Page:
Go to the Database view in your server management and click the Create Database button.
In the new database options, name the DB and click the button to Add Database.
Next, click the Create Database User button to set up credentials for WordPress.
Name the user account and create a password. You can use the handy password generator to make this quick and easy. Make sure to save or copy the password somewhere convenient for later.
Then attach the new username in the WordPress database by clicking the Attach User button.
Finally, select the username you just created and include it in the WordPress database by clicking the Attach User button.
With that done, you have a database ready and configured for your first web application. Follow along below to continue with the WordPress deployment.
RunCloud allows you to quickly and easily create a number of web applications including Drupal, phpBB, and, of course, WordPress. In the Web Application section, click the Create Application button to get started.
Give the web app a name, include a domain and pick a PHP version. Then click the Add Web Application button.
Once created, make the app the primary service on the server by opening the menu under More and clicking the Set as default Web Application option.
Then, install WordPress itself by using the ready-made script. Go to the Script Installer section and select the WordPress script. Then create the site by clicking the Install button.
That’s it, all done installing! You’ll still need to configure the WordPress site so check the last bit of this guide to get fully going.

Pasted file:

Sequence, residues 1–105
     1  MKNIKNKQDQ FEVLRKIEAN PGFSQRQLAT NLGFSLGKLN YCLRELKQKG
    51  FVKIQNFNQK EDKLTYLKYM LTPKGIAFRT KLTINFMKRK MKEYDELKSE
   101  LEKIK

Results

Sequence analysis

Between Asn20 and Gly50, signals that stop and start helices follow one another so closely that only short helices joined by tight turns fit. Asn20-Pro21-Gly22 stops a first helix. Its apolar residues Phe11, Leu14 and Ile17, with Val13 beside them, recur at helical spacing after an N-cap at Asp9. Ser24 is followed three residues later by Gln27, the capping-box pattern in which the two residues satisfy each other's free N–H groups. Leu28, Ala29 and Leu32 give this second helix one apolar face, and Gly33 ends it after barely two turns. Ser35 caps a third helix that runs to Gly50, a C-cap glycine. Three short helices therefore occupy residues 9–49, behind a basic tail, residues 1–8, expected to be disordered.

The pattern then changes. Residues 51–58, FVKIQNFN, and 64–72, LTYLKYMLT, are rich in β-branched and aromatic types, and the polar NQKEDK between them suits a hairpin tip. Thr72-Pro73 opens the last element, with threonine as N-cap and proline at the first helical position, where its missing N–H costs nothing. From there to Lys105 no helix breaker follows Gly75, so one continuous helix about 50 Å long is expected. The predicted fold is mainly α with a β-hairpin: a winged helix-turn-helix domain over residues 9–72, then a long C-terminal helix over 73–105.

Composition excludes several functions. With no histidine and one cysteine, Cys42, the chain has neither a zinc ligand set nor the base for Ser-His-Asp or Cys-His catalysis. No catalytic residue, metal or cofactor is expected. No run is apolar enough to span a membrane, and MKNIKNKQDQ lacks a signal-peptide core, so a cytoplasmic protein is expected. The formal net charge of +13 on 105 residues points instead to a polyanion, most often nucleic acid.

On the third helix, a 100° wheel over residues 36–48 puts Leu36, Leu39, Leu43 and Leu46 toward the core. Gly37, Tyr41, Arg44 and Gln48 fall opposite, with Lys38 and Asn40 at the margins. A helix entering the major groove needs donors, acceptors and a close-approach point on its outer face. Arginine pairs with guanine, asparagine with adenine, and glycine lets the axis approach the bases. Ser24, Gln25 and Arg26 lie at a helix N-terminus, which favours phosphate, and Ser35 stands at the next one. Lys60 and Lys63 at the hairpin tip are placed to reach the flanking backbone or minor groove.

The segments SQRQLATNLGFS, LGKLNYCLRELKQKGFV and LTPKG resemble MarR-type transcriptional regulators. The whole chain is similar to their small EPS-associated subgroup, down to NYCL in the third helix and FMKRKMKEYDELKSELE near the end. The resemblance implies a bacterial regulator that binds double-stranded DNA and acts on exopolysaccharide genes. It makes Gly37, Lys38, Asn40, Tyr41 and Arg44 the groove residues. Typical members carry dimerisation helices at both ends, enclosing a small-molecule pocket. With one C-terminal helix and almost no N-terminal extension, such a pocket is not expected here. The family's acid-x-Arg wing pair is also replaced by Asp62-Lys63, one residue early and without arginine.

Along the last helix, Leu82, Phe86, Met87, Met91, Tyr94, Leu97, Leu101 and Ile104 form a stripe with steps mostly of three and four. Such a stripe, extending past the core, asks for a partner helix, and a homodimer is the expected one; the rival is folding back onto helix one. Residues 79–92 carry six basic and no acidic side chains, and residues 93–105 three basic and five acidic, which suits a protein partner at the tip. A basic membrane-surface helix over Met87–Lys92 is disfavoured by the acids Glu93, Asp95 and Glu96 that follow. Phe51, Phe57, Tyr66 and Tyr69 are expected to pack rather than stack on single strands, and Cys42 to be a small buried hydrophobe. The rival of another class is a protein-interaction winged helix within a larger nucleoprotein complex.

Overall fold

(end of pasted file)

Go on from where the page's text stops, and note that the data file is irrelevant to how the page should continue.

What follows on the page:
Now it’s finally time to see all the configurations come together. Open the public IP of your cloud server in a web browser to finalize the WordPress installation, for example:
You can find the public IP again at your UpCloud control panel.
On the configuration page, pick your language and click Continue.
Next, enter your WordPress database credentials as you created them on RunCloud.
Then configure your new WordPress site as normal.
Congratulations, you have now completed the WordPress install!
RunCloud offers more than just a website management platform. They provide free SSL/TLS using Let’s Encrypt, sandboxed web applications, Nginx or Hybrid web application stacks, website monitoring and notifications, automated web application deployment using your Git repository, Atomic Git deployment, and more. You’ll find all the tools you need for professional web design and development on RunCloud.
Thanks a lot for this details tutorial, it helped a lot to me for installing wp with runclound.
Thank you so much once again.
Clean install of Ubuntu does restrict 34210/tcp
Hi there, thanks for the comment. Our Ubuntu template itself should not have an active firewall by default but the port in question is restricted during the free trial. You can, of course, upgrade to a full account by making a one-time minimum payment of $10 with a 30-day money-back guarantee.
I think you need to update this tutorial as UC servers can now be created directly using Runcloud. Question: If using the Runcloud ‘direct VPS creation’ feature to setup a new UC VPS obviously Runcloud do I then still need to change the root password on the server through SSHing into the server manually afterwards as normally recommended for security purposes ? Wont such practice break the Runcloud connection to the server?
Hi there, thanks for the question. RunCloud uses SSH keys to connect to the Cloud Server and therefore changing the password is still recommended. For the best security, you can add your own SSH keys either using RunCloud’s SSH key vault or by adding the key manually and then disabling the password login altogether.